We don't use articles in front of nouns when we mean something in general: I love flowers. Crime is a problem.

We don't use articles when talking about places such as church, prison, school when we are thinking of the idea of these places and what they are used for: After I finish high school, I want to go to college. His brother was sent to prison. We don't use articles with the names of continents, and we do not normally use it with countries, states, cities, islands Asia, Europe, London, Spain.... BUT ... * The Hague * plural countries, republics, kingdoms take the – the Netherlands, the UK, the Republic of Croatia we don't use articles in front of uncountable nouns used in general statements Oil is produced in Alaska. in front of most proper nouns: This was made by Jackson and Son. parts of day and night and meals; We left at dawn. Let's have lunch. we use by+zero article with means of transport and communication; by car, by post, by phone, by email

a/an is short from one and it cannot stand in front of plural nouns: a cars the difference between a/an stems from the need for easier pronunciation, therefore a is used before initial consonants (a pen), while an is used before initial vowels (an apple). * it is pronunciation that matters, not the spelling, so bear in mind cases like a university, an hour etc... and abbreviations such as an MP We use indefinite article a(n) when mentioning something/someone for the first time, as means of introduction * There is a man in the street. (some man, we do not know who he is). If we continue talking about the man, then we know who it refers to, so we use definite article instead. The man (the one I just mentioned who was in the street) is wearing a suit. we often use a/an + noun when we want to say what sb/sth is (like) * What a nice coat! She is a great teacher. we also use a/an for jobs; He is a doctor. when we do not know the person; A Mark Fratto was looking for you. When we refer to the qualities of the person named: He's good at soccer, but he'll never be a Maradonna. When we talk about a product or an artist's work Could this be a Van Gogh?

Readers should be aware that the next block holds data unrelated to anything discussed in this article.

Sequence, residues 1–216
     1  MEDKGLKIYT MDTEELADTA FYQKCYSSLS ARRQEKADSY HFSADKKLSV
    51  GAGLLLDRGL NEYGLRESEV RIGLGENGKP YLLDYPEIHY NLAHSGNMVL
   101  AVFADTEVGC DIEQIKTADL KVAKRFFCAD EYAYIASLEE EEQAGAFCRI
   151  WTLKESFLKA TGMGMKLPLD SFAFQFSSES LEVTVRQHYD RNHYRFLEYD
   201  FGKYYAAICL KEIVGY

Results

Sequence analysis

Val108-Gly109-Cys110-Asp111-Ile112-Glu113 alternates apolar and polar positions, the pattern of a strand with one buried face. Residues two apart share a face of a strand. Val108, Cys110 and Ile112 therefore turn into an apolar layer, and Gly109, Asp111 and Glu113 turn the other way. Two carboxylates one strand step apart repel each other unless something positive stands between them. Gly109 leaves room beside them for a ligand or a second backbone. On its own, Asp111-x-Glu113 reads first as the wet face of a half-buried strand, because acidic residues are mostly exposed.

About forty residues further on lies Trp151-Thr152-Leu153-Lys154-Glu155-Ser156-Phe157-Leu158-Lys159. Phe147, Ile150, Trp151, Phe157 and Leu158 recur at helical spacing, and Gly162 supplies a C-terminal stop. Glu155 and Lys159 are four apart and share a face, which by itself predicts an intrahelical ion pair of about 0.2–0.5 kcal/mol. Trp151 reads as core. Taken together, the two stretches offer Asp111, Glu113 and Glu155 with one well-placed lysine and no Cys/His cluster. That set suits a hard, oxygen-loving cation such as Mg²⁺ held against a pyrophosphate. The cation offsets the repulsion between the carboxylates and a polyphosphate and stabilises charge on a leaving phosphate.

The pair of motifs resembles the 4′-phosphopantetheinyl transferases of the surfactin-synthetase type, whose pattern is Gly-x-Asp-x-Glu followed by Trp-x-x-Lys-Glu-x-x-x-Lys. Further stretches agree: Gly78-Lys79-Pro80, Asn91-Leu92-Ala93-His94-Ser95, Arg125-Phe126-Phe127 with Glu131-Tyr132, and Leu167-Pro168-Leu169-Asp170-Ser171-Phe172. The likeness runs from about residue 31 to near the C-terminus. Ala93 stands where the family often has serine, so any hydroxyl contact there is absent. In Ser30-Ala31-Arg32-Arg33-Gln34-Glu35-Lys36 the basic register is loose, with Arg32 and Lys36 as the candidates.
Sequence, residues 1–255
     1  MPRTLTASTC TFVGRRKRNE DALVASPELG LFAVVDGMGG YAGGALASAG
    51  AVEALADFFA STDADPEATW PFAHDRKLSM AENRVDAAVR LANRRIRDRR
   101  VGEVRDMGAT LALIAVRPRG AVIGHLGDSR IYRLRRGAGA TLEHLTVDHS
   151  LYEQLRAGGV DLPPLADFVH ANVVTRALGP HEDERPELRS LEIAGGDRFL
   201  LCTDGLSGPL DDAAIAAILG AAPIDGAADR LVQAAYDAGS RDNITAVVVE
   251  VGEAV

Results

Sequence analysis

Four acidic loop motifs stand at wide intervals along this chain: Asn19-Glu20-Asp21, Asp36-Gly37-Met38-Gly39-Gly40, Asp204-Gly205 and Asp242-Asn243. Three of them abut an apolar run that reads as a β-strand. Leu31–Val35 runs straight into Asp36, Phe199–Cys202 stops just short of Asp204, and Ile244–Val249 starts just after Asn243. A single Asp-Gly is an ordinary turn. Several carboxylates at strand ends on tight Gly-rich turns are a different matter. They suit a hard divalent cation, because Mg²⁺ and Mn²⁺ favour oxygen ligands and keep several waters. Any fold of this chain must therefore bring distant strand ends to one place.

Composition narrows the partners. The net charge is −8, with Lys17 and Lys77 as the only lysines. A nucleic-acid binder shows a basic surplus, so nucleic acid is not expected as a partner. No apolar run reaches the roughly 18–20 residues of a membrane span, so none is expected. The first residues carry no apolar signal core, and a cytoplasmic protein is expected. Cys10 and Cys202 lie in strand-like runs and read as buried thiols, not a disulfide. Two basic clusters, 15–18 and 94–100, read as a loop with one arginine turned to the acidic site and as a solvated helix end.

We use 'the' in front of nationality nouns to refer to 'all the people in general' the Chinese, the Poles, the Dutch - to refer to geographical areas as in: the forest, the countryside, the seaside... - we also talk about the present, the past and the future

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when we use the, the reader or listener knows what we are referring to; by way of back reference: I bought a new car. The car is awesome. the+noun+of The life of Napoleon was incredible. a clause The guy I'm talking about works for CNN. Context Pass me the salt, please. (the salt on the table, for example). But Salt is bad for you. (salt in general, any kind). The books have arrived. (the books you ordered) Things that are unique, one of a kind; the earth, the sun, the moon Public bodies; the government, the police Official titles; the President we use 'the' to talk about classes of things using singular countable nouns: The tiger is the largest animal of the four 'big cats'. (compare: A tiger was found near the path = one tiger)

when we talk about a family as a whole; the Robinsons When we want to specify we're talking about a famous person: The Madonna was here? (the famous singer?)Also when we want to specify which of two people with the same name: That is not the Peter Johnson I went to school with. we use the in front of a superlative adjective; The finest work of art.